The total cost of financial crime compliance in Asia-Pacific is growing, and will near the $50.1 billion mark in 2022, mostly for financial institutions, which represented more than 80% of the total cost.
According to the latest LexisNexis True Cost of Compliance Study – Asia-Pacific Edition (which covers China, Australia, India, Malaysia and Japan), China and Japan accounted for 79.2% of all regional compliance costs at 43.5% and 35.7% respectively even though respondents in these countries accounted for only 40% of the total number of study participants. Higher costs in China and Japan are attributed in part to labor and technology, complying with tighter anti-money laundering (AML) regulations, increased geopolitical risks and evolving criminal threats.
In fact, increased geopolitical risk was named as the greatest trigger by 73% of respondents, with AML regulation (68%) and evolving criminal threats (63%) cited as the second and third greatest triggers respectively. These issues add complexity to sanctions screening, which resulted in financial institutions needing to spend more time to clear alerts and complete due diligence.
E-commerce merchants and retail merchants in particular reported that money laundering prevention is a challenge, as digital payments have become a common platform for money laundering, enabling criminals to create fictitious transactions that appear legitimate.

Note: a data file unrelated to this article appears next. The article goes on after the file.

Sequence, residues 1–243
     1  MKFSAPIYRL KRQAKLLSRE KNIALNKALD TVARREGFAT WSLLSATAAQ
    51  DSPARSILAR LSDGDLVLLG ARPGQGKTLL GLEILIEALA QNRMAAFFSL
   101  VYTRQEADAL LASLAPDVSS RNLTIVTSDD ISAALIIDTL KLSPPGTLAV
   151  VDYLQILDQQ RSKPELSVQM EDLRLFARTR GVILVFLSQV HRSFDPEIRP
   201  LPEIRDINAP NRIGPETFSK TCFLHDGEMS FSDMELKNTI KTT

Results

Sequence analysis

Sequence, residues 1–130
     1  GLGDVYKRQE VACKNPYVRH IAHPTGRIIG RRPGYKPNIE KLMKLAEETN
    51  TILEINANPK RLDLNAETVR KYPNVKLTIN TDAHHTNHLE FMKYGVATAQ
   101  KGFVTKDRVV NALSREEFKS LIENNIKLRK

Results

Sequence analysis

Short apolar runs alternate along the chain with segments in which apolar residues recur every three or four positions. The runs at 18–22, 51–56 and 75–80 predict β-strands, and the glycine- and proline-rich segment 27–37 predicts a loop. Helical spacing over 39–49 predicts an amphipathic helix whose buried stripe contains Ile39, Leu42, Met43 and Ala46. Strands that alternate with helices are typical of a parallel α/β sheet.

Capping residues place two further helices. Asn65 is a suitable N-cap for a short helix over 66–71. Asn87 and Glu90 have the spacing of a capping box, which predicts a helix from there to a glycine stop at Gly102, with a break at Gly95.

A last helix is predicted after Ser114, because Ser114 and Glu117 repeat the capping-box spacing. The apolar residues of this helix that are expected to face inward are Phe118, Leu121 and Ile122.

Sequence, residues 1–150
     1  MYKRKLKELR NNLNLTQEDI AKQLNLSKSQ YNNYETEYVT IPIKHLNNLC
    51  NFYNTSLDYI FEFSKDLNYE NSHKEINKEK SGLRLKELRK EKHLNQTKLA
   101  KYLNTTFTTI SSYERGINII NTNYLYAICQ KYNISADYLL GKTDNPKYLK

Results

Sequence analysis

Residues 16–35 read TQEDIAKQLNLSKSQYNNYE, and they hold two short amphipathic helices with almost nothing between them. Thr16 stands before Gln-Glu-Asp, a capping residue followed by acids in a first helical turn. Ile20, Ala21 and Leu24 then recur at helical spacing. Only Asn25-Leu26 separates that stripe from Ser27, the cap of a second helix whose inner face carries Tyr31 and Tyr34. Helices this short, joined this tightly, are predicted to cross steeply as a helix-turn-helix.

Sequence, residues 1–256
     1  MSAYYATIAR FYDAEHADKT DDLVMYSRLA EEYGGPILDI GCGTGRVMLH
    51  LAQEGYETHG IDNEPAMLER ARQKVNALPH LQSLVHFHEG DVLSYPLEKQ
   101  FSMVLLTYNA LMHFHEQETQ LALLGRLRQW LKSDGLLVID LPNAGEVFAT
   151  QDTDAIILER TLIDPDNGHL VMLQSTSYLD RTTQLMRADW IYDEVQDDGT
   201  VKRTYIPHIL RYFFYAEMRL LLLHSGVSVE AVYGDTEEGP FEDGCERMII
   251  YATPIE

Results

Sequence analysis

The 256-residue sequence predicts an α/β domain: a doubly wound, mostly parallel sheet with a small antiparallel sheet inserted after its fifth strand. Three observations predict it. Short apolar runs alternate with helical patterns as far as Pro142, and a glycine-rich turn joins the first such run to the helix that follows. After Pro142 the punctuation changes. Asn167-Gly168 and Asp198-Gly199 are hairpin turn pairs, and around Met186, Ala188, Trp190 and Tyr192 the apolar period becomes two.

The report also found that 74% of surveyed professionals are dealing with increasing compliance regulations amid higher screening volumes, growing complexity in compliance and the pandemic.
Compliance professionals are addressing these challenges by expanding their operations teams, which contributed to higher labor costs on salaries (31%) and training (21%) over the past 18 to 24 months. Banks and investment firms have hired additional staff to manage increased workloads due to the rising volume of new business account onboarding.
Meanwhile, 50% of respondents indicated that an additional driver of increased financial crime compliance costs included investing in technology solutions, including network systems that support remote working and software to conduct more rigorous compliance checks with less investigative time.
The study also showed financial institutions across APAC that spend a higher percentage of their budgets on technology were more resilient, with an outcome of a 50% effectiveness gained from customer profiling and a 25% reduction in the average number of hours spent on due diligence.
“Additional regulations and growing complexity in the compliance space are creating more challenges than ever for financial institutions in the Asia-Pacific region,” said David Haynes, vice president at LexisNexis Risk Solutions. “Technology has a role to play in complementing manual routines to improve the overall compliance processes with more efficiency and effectiveness.”
The report is available here.
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